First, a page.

That's my order, word for word each time I stop at Portillo's with tons of locations all over the Chicagoland region. Each time I go into Chicago I have to make one stop at Portillo's. There's a lot of great hot dog places and Italian beef restaurants, but - in my opinion - none of them do both as good as Portillo's.
Portillo's started in 1963 when 30 year old Dick Portillo (left) set up his "Dog House" - a trailer that didn't have heat, a bathroom or running water. Portillo set up his trailer on a street corner in Villa Park and worked there part time while holding down a full time job.
Four years later, the success of the Dog House (right) was so good that he abandoned the trailer (and his full time job) and opened a free standing restaurant at the same corner (see map) and renamed it "Portillo's". There are now 31 Portillo's in the Chicago area, with two more coming in early 2007. And there's one in the Los Angeles area in suburban Buena Park (see map).
Portillo's are famous for their hot dogs first and their Italian beef sandwiches second. But they also sell charbroiled burgers (of which I've yet to try, but want to at some point), grilled chicken sandwiches and sausage sandwiches. Click here to see their full menu.
The Italian beef is sliced thin, then placed in the "gravy" - which is basically au jus sauce seasoned with Italian spices. Keeping the beef in the warm au jus helps make it even more tender. They place the Italian beef on a six inch cut piece of Italian bread and then you go from there.
I have mine topped with a slice of mozzarella cheese; and both cooked sweet peppers and giardiniera - the concoction of hot peppers and vegetables that make Chicago style Italian sandwiches what they are. And for good measure, I have the sandwich dipped in the au jus which makes it messy, but adds great flavor to the sandwich.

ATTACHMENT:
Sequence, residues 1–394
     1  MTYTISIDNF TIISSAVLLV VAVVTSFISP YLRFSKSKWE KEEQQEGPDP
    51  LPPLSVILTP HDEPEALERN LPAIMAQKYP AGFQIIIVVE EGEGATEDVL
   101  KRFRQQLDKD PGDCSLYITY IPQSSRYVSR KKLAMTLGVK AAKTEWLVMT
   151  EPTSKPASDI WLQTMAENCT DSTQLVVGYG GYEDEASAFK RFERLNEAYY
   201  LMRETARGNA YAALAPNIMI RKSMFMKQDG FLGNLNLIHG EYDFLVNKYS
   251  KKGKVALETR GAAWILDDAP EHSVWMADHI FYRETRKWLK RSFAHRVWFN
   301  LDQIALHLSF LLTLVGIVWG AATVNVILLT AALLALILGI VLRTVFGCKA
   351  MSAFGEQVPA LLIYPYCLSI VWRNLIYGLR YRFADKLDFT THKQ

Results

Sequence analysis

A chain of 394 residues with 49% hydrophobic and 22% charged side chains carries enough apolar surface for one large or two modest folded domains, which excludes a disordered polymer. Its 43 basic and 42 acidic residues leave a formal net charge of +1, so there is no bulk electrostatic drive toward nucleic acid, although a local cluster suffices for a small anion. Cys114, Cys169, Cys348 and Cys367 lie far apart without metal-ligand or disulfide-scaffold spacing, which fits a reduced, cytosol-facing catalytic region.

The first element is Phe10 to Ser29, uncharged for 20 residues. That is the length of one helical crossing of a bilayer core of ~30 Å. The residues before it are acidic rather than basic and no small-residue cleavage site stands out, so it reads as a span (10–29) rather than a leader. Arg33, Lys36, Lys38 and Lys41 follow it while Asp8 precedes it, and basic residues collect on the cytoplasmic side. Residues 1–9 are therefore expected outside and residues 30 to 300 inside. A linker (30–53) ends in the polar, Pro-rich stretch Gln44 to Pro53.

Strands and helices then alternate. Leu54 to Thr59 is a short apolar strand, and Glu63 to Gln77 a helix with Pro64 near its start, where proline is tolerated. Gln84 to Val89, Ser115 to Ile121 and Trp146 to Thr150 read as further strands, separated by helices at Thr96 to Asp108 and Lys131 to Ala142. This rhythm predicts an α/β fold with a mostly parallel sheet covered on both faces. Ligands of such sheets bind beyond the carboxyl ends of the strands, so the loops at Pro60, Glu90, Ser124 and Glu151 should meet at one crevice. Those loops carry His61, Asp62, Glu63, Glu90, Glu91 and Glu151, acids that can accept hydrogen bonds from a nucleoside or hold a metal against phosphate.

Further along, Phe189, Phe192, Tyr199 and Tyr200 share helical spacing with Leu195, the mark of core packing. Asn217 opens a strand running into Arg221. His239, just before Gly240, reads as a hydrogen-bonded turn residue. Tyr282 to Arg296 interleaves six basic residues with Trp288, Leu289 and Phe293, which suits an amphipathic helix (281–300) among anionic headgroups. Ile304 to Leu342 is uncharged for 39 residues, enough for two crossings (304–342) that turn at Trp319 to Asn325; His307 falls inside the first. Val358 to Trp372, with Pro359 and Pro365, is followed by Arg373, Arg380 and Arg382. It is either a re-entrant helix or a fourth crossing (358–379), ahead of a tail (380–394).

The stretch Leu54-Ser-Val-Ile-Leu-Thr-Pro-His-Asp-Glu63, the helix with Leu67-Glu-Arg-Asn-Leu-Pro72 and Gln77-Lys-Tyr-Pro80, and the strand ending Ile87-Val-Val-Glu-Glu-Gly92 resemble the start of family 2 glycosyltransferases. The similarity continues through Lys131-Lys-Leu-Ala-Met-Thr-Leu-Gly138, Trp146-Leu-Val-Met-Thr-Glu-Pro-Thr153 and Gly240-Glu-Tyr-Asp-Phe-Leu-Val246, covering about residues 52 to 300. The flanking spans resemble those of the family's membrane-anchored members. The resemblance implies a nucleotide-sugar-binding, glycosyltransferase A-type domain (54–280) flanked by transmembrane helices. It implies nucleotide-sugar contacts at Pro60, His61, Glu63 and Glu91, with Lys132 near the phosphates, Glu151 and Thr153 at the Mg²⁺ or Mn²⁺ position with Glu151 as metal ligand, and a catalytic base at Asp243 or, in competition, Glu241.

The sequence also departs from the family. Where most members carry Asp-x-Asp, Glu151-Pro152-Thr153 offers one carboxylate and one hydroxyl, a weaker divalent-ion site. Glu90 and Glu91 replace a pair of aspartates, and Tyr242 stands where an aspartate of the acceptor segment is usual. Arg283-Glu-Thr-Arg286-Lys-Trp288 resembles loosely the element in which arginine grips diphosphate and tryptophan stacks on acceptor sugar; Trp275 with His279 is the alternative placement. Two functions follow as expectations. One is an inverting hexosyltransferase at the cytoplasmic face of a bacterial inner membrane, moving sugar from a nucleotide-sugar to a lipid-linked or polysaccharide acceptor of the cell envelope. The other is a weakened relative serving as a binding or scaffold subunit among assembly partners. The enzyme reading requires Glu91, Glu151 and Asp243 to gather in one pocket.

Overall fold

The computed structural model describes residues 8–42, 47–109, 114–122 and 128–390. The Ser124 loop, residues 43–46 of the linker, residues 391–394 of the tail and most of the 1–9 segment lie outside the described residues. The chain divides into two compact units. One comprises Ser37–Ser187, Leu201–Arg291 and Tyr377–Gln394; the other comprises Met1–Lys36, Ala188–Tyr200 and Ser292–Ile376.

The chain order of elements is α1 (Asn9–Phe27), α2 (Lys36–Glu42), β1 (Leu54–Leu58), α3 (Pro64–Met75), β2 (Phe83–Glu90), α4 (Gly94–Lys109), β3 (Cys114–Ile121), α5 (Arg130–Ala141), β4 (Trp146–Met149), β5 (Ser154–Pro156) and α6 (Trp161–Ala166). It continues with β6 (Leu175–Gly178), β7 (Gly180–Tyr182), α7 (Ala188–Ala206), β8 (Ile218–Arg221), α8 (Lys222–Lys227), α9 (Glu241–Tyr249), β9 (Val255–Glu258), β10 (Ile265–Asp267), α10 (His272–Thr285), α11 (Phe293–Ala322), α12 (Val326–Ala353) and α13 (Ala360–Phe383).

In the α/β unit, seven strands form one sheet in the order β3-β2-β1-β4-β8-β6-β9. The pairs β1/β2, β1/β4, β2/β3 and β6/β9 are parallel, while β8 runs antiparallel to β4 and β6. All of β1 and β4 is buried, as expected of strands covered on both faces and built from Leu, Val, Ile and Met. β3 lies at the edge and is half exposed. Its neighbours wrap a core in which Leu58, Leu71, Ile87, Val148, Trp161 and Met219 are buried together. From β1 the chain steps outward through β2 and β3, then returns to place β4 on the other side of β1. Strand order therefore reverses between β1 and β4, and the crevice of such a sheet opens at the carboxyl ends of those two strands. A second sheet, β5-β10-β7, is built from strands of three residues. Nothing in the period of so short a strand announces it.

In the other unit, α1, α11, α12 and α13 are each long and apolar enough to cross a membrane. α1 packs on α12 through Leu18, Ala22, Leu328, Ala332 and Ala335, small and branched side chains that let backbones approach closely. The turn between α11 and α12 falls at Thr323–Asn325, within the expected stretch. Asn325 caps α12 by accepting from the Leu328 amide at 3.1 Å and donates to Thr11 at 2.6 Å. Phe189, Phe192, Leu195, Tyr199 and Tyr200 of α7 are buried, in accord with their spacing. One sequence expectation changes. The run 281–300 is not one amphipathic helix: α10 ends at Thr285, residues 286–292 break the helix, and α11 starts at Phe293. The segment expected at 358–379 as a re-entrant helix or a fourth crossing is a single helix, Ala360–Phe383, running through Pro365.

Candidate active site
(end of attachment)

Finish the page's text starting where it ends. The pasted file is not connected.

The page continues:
The hot dogs are all beef Vienna brand weiners. They are typical Chicago style dogs - hot dogs on a poppy seed bun, topped with chopped onions, yellow mustard, sweet pickle relish, tomato wedges, sport peppers and a pickle spear. I don't know if they're better than any other Chicago style hot dog I've ever had, but they certainly don't suck.
And combined - the Portillo's Italian beef sandwich and the Portillo's hot dog are a good way to sample two staples of the culinary history of Chicago.
The Portillo restaurants each have a theme that depicts the early to mid 20th century history of Chicago. They have a 20's "Prohibition" theme, a 30's theme, a 50's theme (right) and a 60's theme. The original location in Villa Park has a "nostalgia" theme to it. There's authentic memorabilia from those time periods throughout the restaurants and each restaurant will play music of that specific period. Some of the collections are actually pretty interesting.
Portillo's also offers party-packs of food. Their "beef pack meal" consists of 2 1/2 pounds of Portillo's beef, along with cole slaw, potato salad, bread and both hot and sweet peppers. It's actually a pretty good deal at a shade under $45 bucks.
Within 9 of the Portillos locations is a separate restaurant - Barnelli's Pasta Bowl. Barnelli's menu is wide ranging, serving pasta, salads, sandwiches and even ribs. It's kind of a neat concept, actually. If one person in the family wants pasta and the others want burgers or beef sandwiches, you can satisfy the tastes of everyone in the family.
But I've never ventured over to the Barnelli's side of the place because it's really nothing more than fast food Italian style. And I stay away from food like that like the plague.
Portillo's Restaurant Group also has two other restaurants - Key Wester, a seafood, Cuban/Caribbean, Italian themed restaurant in suburban Naperville (see map); and Luigi's House, an Italian restaurant down the road from the Key Wester in Aurora (see map). I haven't tried either one. Actually, they look like the kind of place that would bring in tourists. And with a number of malls and shopping areas nearby, I'm sure tourists and shoppers are exactly what they cater to.
I've been asked by a few people over the year the best place to try a Chicago style hot dog and Chicago style Italian beef. I tell people to go to Portillo's and kill two birds with one stone. It's one of my all-time guilty pleasures.
(Note - The Urbanspoon link below is for the Downers Grove Portillo's location. However, I've eaten at the majority of Chicagoland Portillo's locations and they are all consistently outstanding with both their Italian Beef sandwiches and their hot dogs.)